Elite Kickstarter: I Thought I Wanted This

November 6, 2012 in Editorial


Something strange happened today. Being a sentimental sort, I’m ordinarily quite an easy target for Kickstarter campaigns that try to push my nostalgia buttons. In fact, on more than one occasion since the Double Fine funding campaign have I backed a project before even watching the pitch video. So it seemed only logical that when a new installment of a game that defined a huge part of my childhood came along, I’d be all over it. The game, of course, is Elite, created by David Braben and Ian Bell. Today, Braben launched a funding drive to collect the equivalent of nearly $2 mil to make a new Elite game. I’ve imagined this day happening, and in my mind it seemed so grand. And yet, here it is, and I don’t feel anything even close to ecstatic. Quite the opposite. Cynicism and mistrust kicked in almost immediately, irrationally perhaps, but I know where it all comes from.

Elite was a leap in gaming that happens quite seldom these days. It was a technological marvel of its time. The first truly 3D game. An open-world game with a persistent player profile at a time when publishers demanded a short playtime, three lives and a score. They also managed to cram a huge universe of planets, each with an economy and political system, into computers with as little as 32KB of RAM. Ki-lo-bytes. At its heart it was basically a reputation grinding game, with no real goals beyond that. You got a universe to play in, things that you could do in that universe, and the stories you experienced beyond that point were your own.

For me, a kid in his early teens, the game had a certain cozy vibe to it. I was taken away from being an awkward kid in school and got to escape to this other place where I got to be frickin’ Han Solo. I sucked at trading, and hell I still am clueless with money, but damn was I good at blasting pirates. And those Thargoids, man. Scary things at first, but eventually I got a cocky grin every time my hyperdrive failed and I got dumped in witch-space, because I knew I’d get to pop a few of them.

Some years later, Elite II: Frontier landed. It was bigger-better-more, but ultimately could never hope to achieve that same leap that the original gave us. Arguably, few games ever have.

So today rolls along, and suddenly we hear that Braben is Kickstartering a new Elite game. Why am I not happier?

The immediate culprit was the lack of a pitch video. Even in cases where I have backed before watching the pitch, the video was there for me to watch after. On top of that, the blurb on the front did a poor job of telling us what was to be so great about a new Elite. Sure there’s mention of the procedural generation techniques going “further”, but not much of value beyond that. What does “further” mean? What details will star systems have? What’s the extent of the supporting economic and political simulation? Will it be Dwarf Fortress with space ships? (my ideal game, if you must know – give me $2 mil. and hell I’ll make that ma’ dayum self)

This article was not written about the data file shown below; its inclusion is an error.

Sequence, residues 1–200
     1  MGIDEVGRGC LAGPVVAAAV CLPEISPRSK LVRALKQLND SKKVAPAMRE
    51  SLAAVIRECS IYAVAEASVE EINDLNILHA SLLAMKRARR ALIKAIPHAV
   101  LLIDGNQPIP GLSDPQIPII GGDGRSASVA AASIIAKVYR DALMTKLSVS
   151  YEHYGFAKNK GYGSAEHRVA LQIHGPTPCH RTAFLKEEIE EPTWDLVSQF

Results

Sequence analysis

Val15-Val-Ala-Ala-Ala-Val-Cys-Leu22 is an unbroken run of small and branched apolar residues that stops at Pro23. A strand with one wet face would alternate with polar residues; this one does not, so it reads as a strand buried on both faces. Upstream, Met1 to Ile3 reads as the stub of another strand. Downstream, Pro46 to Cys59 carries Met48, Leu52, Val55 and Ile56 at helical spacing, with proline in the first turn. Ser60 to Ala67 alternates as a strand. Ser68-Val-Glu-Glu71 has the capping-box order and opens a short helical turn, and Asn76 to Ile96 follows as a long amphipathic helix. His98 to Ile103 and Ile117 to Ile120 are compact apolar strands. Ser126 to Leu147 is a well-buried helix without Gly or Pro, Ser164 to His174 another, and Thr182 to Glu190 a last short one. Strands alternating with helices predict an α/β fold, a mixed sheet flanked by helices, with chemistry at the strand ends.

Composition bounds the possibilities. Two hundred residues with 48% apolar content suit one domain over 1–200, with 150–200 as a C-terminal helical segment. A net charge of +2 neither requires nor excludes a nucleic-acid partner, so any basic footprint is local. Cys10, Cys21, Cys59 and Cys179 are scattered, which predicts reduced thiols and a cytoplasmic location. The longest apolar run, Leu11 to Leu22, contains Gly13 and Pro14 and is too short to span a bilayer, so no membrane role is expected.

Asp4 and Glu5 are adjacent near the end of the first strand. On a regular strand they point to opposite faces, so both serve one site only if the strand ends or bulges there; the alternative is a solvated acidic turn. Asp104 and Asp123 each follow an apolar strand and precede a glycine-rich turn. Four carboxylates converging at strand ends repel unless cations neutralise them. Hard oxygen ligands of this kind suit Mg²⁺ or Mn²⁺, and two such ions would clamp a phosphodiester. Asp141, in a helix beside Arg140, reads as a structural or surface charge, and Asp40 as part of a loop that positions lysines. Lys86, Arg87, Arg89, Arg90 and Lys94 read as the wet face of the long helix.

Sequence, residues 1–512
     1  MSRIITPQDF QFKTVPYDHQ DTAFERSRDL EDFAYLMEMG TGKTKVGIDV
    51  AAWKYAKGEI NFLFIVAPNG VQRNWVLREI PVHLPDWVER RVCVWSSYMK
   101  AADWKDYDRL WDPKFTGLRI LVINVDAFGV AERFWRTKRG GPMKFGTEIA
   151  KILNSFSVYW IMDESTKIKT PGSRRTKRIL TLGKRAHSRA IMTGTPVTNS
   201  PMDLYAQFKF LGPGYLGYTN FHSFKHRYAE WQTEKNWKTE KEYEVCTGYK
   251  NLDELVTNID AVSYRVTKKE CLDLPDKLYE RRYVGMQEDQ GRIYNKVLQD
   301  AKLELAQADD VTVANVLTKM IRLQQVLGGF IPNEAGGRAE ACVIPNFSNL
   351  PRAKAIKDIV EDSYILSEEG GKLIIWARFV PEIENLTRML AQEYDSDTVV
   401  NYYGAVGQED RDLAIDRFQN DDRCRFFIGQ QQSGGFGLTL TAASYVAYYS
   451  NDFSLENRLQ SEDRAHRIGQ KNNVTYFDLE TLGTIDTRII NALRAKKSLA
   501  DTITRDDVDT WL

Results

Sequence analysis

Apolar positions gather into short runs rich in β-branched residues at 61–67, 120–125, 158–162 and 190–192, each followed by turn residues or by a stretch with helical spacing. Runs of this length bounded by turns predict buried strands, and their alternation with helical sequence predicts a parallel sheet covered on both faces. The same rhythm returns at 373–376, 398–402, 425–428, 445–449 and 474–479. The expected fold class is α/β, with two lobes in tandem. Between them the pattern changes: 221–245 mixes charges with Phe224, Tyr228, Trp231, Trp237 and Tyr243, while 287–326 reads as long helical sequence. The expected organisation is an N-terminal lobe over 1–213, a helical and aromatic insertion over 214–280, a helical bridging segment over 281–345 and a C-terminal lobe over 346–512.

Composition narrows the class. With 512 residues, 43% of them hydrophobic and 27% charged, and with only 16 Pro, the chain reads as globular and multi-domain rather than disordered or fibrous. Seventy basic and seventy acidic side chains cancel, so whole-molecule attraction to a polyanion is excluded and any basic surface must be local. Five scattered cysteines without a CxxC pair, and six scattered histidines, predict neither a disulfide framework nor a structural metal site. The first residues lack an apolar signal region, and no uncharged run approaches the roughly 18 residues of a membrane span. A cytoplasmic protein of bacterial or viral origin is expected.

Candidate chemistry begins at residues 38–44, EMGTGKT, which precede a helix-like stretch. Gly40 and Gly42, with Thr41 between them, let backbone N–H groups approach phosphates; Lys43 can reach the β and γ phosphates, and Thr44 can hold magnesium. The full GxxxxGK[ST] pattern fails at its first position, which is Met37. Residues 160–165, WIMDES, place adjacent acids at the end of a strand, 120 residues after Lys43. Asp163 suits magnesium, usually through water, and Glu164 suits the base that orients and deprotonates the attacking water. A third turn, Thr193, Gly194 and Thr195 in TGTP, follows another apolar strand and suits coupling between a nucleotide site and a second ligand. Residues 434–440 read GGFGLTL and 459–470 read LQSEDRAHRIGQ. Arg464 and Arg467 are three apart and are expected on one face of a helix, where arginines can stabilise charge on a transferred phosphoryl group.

It’s easy to dismiss the lack of a sales pitch, perhaps that one would follow later. But it feels as if instead of working to sell this to us as a thing we should want, instead it’s a call-out to all suckers. It seems lazy, and as one of the aforementioned suckers, I feel a bit insulted.

The size of the funding target is also a concern. Elsewhere was stated that the money they are asking for would not be nearly enough to cover development of the game. If true, then this ups the chance of non-delivery. The cynic in me, which I fear today is the entire me, says that it’s just a passive statement to encourage people to pledge more. The game supposedly has been in development in some way or another for over a decade. One would think there’d be more to show for it by now. It’s making Duke Nukem Forever look downright dandy by comparison.

Then there is the company. Frontier Developments have not produced a single thing worth crowing about. The last game that might have been worthwhile, was The Outsider, a game that never made it out the door. The company is also burning through absurd amounts of money, and likely to go belly-up in a year or two unless they could come up with a bail-out plan. This Kickstarter pitch seems to be that bail-out. So why don’t we all just band together and help those folks out in the same way we did for Double Fine? Go to this link and click on the “Key Financials” tab. £1.25 mil. is not going to fund a game at that company that’s only going to be released in 2014. If that downward trend continues, the company will be bankrupt before the end of next year, even with the Kickstarter funding.

If you suck at managing money, just shoot a few pirates.

My other concerns about what the game might be, whether it could live up to its name, my feelings about how David Braben might have possibly screwed over Ian Bell, or anything else is moot. Heck I might be wrong about all this, what do I know? They might pull it off in the end, but right now my confidence in this is low.

Of the UK Kickstaters so far, I have backed Simon Roth’s promising-looking Maia and will soon throw a few coppers at Big Robot’s Sir, You Are Being Hunted. These projects both have big potential and if funded will both deliver – I have not a single doubt or any reason to have any.

For my open world space game fix, I am looking forward to X: Rebirth next year. I do not need Elite. I played Elite already, it was great but it’s in the past.